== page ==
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A 2017 body cam video capturing an encounter between Ahmaud Arbery, the black man killed by a white father and son after entering a property under construction, and law enforcement in Glynn County, Ga., has surfaced.
In the November 2017 video, shared by The Guardian, an officer is seen trying to use his taser on Arbery, who had become confrontational after being stopped by another officer.
Officer Michael Kanago, with the Glynn County Police Department, first approached Arbery, who was alone in a park the officer later said was known for drug activity.
The scene was initially calm, as Kanago asked Arbery for his ID. Arbery explained to the officer he was “just rapping in the park,” but later in the video he gets aggressive, asking the officer, “Why are you f*cking me?”
When told to keep his hands out of his pockets, he angrily threw his hands to the side and replied, “I ain’t got sh*t on me. What the f*ck are you f*cking with me for?”
When Kanago explained that the area is known for drug activity, Arbery gets highly agitated, jumping in the officer’s face and calling him “boy” as he demanded that he “check my sh*t.”
“Back up!” Kanago told Arbery several times, before deciding to check for weapons — Arbery is uncooperative, spinning away from the officer.
“Watch out boy!” he said, before eventually submitting to be searched. “I ain’t got no f*cking weapons, bro.”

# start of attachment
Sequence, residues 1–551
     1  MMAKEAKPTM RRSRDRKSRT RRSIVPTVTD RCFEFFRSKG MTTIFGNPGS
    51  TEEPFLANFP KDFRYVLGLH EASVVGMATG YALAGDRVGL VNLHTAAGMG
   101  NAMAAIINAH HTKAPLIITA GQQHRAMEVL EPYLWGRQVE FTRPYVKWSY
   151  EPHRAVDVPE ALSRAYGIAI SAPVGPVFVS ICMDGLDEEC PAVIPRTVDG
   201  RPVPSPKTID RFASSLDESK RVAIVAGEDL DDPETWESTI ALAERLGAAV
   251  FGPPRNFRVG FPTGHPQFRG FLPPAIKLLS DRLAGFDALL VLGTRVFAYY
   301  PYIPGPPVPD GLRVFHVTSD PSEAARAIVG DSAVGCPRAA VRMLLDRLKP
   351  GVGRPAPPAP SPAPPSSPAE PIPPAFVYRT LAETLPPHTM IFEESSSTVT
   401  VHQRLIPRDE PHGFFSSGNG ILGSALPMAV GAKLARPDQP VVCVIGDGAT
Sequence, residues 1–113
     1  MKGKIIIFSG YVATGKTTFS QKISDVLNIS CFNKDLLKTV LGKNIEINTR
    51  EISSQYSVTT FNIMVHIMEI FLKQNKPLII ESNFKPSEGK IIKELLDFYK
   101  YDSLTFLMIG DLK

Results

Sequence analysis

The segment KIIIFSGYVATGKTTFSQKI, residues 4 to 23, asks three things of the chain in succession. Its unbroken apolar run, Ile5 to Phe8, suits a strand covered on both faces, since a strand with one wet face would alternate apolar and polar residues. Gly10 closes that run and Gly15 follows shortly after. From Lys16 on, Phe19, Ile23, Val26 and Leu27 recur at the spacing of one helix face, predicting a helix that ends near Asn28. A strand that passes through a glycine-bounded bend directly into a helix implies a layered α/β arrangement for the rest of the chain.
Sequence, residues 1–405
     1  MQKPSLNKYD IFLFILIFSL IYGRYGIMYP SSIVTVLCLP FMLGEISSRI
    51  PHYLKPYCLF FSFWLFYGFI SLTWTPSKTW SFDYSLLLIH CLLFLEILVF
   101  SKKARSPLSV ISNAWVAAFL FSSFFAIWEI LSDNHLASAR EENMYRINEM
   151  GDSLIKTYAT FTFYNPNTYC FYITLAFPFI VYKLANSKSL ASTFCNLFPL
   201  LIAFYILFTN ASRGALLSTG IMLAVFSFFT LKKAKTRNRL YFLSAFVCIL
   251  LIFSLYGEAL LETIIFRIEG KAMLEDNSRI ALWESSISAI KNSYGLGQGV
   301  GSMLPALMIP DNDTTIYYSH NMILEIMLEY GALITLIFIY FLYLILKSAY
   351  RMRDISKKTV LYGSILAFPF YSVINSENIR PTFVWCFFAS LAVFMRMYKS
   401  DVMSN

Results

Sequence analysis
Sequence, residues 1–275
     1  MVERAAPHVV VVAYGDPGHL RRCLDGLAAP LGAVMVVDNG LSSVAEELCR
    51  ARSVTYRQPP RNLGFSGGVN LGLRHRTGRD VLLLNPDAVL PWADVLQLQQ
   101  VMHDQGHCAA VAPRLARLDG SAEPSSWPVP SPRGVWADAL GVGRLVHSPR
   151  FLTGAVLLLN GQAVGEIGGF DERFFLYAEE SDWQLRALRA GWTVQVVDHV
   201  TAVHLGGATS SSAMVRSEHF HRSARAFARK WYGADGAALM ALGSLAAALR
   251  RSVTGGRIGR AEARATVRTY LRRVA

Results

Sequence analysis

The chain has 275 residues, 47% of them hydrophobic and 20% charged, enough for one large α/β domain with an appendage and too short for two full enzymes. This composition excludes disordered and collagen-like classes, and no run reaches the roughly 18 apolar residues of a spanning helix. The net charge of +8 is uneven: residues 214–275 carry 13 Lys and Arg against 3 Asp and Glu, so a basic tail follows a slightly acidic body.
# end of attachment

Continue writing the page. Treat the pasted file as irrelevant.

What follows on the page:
“I know, but you’re coming up on me and making me kinda nervous,” Officer Kanago explained.
“You bothering me for nothing,” Arbery countered.
As a second officer arrives, Arbery is seen telling Kanago he can’t search his car, and begins walking toward the driver’s door. The second officer, David Haney, who would later explain that he was unaware that Kanago had already check for weapons, pulled his Taser immediately and warned Arbery not to go to the car.
Arbery appears to put his hand in or near his pocket, and Officer Haney tells him to get his hands out of his pockets. Even though Arbery complied, putting his hands out to the side, Haney engaged the Taser, which malfunctioned.
After calming down, he is heard telling the officers, “I’m trying to ease my mind. I’m rapping. I rap, bro.”
“I got you man,” Kanago replied. “But when you run up on me, and you get real jumpy, that’s gonna make me nervous too.”
“I get one day off a week, I’m trying to chill on my day off,” Arbery said, before adding, “I’m just so aggravated because I work hard, six days a week.”
As The Guardian reported, Avery was eventually allowed to leave. However, because his driver’s license was suspended, he was not permitted to drive his car.
While there are those who see the video as an example of a black man being harassed by cops, anyone who watches A&E’s “Live PD” can attest that police often stop people in areas known for drug activity and frequently find drugs on them.
Those same viewers can attest to seeing more than one officer being shot when they approach a suspect with his hands in his pockets.
Needless to say, the video is not related to the February incident, when Arbery was shot and killed by Gregory McMichael, a former police officer, and son Travis, who suspected him of burglary.
The shooting is being called a hate crime by many because Arbery was black and the McMichaels are white.
The media narrative is that Arbery was “just a jogger” who was essentially hunted down because he was black — the narrative has plenty of holes in it.
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